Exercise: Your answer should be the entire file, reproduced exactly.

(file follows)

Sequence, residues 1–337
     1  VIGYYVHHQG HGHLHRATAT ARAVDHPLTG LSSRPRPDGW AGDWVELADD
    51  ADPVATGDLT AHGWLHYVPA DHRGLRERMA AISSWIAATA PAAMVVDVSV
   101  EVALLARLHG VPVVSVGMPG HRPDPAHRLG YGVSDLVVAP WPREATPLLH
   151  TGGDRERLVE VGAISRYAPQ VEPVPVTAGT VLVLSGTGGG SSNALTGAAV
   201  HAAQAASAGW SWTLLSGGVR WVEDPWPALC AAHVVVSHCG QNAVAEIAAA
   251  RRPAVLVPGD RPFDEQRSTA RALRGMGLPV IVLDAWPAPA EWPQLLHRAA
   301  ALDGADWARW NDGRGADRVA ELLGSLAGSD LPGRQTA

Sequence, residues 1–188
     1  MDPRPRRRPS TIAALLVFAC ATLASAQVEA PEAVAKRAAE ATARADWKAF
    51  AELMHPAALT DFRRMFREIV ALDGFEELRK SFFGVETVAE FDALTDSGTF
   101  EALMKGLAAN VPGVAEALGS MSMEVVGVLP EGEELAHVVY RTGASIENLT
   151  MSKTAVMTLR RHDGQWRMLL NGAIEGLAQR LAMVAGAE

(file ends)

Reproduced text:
Sequence, residues 1–337
     1  VIGYYVHHQG HGHLHRATAT ARAVDHPLTG LSSRPRPDGW AGDWVELADD
    51  ADPVATGDLT AHGWLHYVPA DHRGLRERMA AISSWIAATA PAAMVVDVSV
   101  EVALLARLHG VPVVSVGMPG HRPDPAHRLG YGVSDLVVAP WPREATPLLH
   151  TGGDRERLVE VGAISRYAPQ VEPVPVTAGT VLVLSGTGGG SSNALTGAAV
   201  HAAQAASAGW SWTLLSGGVR WVEDPWPALC AAHVVVSHCG QNAVAEIAAA
   251  RRPAVLVPGD RPFDEQRSTA RALRGMGLPV IVLDAWPAPA EWPQLLHRAA
   301  ALDGADWARW NDGRGADRVA ELLGSLAGSD LPGRQTA

Sequence, residues 1–188
     1  MDPRPRRRPS TIAALLVFAC ATLASAQVEA PEAVAKRAAE ATARADWKAF
    51  AELMHPAALT DFRRMFREIV ALDGFEELRK SFFGVETVAE FDALTDSGTF
   101  EALMKGLAAN VPGVAEALGS MSMEVVGVLP EGEELAHVVY RTGASIENLT
   151  MSKTAVMTLR RHDGQWRMLL NGAIEGLAQR LAMVAGAE